A new AMD GPU codenamed Nashira Summit has just been spotted and benchmarked in Ashes of the Singularity. Not much is known about Nashira Summit, but we suspect it could be a mid-range RDNA2 product, or quite possibly RDNA3.
At the moment, there is very little detail about Nashira Summit – most of the information we have on this codenamed GPU is in the Ashes benchmark, meaning there is precious little info to go on. This also coincides with another just-as-mysterious codename, Nashira Point, that we also don't know much about.
There are currently two theories as to what Nashira Summit could potentially be: The first is that this is a Navi 22 or Navi 23 product. Since the RX 6800 launch, AMD has been very quiet on future RDNA2 products to combat Nvidia's mid-range Ampere GPUs. But we do know Navi 22/23 GPUs exist, it's just a matter of time before they get released, and AMD gives each one a codename.
However, the second theory is much more intriguing; leaker "wjm47196" from Chip Hell believes Nashira Summit could be based on the RDNA3 architecture and feature a multi-chip module design. The poster thinks that a recent AMD patent for a multi-chiplet design backs up the theory. Additionally, in the Ashes benchmark, we see two Nashira Summit GPUs being used in tandem. Because there are no multi-chiplet GPUs on the market today, Ashes of the Singularity could be seeing both chiplets as fully separate graphical devices by accident.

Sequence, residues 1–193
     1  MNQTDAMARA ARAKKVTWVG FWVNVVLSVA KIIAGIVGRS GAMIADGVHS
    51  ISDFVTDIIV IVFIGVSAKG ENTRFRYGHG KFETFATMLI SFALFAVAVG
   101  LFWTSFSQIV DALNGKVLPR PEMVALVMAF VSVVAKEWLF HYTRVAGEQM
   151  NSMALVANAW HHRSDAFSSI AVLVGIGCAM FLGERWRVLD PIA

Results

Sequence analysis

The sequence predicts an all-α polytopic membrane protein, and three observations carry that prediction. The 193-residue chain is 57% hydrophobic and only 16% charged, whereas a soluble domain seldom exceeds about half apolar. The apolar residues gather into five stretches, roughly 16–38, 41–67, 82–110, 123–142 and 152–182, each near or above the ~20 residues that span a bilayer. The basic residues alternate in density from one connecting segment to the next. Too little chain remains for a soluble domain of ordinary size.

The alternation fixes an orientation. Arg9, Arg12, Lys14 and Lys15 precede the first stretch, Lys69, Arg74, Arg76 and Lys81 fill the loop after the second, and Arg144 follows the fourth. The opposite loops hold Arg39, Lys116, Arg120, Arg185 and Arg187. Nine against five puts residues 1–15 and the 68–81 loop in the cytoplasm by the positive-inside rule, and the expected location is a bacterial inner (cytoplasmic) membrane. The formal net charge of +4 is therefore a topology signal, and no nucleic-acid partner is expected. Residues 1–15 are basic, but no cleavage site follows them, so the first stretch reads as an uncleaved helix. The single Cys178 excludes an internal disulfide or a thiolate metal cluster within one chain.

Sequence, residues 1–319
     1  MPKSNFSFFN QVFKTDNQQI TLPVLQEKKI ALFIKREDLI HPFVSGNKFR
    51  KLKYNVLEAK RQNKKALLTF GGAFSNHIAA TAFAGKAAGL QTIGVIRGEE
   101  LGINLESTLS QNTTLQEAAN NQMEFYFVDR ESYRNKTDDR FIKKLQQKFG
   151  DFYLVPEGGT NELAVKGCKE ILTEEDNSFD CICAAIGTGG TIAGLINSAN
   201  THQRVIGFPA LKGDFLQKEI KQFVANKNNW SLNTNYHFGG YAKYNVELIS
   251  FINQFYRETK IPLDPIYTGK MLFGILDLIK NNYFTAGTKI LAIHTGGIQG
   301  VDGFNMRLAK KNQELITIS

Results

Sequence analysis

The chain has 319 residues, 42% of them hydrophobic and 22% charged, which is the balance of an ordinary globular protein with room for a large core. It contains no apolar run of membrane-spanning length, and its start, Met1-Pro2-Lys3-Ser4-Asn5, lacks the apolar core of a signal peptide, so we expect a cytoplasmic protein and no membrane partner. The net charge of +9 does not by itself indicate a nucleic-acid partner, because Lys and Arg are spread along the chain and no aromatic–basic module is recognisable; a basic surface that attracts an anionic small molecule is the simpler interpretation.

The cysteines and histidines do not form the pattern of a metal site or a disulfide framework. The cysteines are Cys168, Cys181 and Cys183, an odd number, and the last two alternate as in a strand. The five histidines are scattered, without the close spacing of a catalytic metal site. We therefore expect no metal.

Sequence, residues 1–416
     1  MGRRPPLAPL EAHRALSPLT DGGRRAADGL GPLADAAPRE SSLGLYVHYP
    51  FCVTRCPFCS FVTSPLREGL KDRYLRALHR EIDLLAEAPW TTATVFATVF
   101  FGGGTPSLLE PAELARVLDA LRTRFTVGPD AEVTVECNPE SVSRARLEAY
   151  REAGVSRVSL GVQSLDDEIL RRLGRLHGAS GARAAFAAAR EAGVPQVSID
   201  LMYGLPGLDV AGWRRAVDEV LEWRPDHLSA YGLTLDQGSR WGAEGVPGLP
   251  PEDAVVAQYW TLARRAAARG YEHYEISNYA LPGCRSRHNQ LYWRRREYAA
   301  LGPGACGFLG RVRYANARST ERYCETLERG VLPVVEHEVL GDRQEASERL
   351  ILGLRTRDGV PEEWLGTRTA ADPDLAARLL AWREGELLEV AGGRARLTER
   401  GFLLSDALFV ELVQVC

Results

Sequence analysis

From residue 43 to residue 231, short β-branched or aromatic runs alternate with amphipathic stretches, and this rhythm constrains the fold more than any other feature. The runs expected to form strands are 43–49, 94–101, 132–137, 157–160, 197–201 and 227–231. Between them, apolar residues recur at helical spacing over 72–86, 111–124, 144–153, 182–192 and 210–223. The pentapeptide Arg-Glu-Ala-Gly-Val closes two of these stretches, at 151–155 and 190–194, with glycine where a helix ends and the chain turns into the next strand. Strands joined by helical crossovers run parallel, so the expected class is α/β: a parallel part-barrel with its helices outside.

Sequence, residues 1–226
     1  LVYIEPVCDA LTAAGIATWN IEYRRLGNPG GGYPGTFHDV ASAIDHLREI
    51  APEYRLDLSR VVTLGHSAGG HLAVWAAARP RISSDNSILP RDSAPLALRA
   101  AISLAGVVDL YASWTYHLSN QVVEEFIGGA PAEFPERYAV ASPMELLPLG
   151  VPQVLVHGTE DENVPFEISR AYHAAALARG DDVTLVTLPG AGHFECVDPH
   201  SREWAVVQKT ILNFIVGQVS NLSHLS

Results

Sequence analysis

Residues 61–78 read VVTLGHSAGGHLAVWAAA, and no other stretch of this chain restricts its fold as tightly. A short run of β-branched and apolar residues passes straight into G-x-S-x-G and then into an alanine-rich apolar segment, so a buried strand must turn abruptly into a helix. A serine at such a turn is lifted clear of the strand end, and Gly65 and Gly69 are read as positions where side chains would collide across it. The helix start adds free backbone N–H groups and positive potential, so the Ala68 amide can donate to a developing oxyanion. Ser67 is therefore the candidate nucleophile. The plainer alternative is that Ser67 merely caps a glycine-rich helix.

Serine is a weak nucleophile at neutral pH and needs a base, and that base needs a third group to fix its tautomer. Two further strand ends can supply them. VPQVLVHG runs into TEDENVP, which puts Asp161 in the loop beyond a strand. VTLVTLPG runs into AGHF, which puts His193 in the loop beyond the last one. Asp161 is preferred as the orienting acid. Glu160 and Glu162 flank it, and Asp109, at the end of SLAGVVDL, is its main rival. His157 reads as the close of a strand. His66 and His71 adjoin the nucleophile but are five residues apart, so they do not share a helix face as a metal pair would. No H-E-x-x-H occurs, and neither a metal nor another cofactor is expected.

However, before you get your hopes up, be aware that Ashes of the Singularity is one of the only DX12 titles to fully support multi-GPU configurations that don't rely on Crossfire or SLI. So we could, legitimately, be seeing two regular GPUs (perhaps Navi 22/23) being used together. However, it would be strange for AMD (or whoever tested these GPUs) to benchmark two GPUs at once if they weren't designed to run together in the first place.
Looking at the benchmark itself, we can see the two Nashira Summit GPUs used to run the game, a Ryzen 5 3600X Hexa-core CPU with SMT disabled (strangely), and 32GB of RAM. The system scored a 49.5 frame rate average and a CPU frame rate average of 64. Unfortunately, the system uses custom graphical settings, so we can't directly compare these results to other benchmark results. Feel free to come to your own conclusions.
For now, we'll have to wait and see what Nashira Summit actually is. If this is legitimately RDNA3 and it's a multi-chip design, it could mark the first step towards multi-chip GPUs for enthusiasts.